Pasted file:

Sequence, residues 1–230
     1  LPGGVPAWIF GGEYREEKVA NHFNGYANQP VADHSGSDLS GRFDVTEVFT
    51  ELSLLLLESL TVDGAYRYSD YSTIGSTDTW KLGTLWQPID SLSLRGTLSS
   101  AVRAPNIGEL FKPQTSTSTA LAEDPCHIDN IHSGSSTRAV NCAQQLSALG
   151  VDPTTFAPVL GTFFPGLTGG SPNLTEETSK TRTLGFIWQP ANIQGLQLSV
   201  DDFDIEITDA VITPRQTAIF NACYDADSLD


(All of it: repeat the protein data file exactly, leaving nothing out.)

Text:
Sequence, residues 1–230
     1  LPGGVPAWIF GGEYREEKVA NHFNGYANQP VADHSGSDLS GRFDVTEVFT
    51  ELSLLLLESL TVDGAYRYSD YSTIGSTDTW KLGTLWQPID SLSLRGTLSS
   101  AVRAPNIGEL FKPQTSTSTA LAEDPCHIDN IHSGSSTRAV NCAQQLSALG
   151  VDPTTFAPVL GTFFPGLTGG SPNLTEETSK TRTLGFIWQP ANIQGLQLSV
   201  DDFDIEITDA VITPRQTAIF NACYDADSLD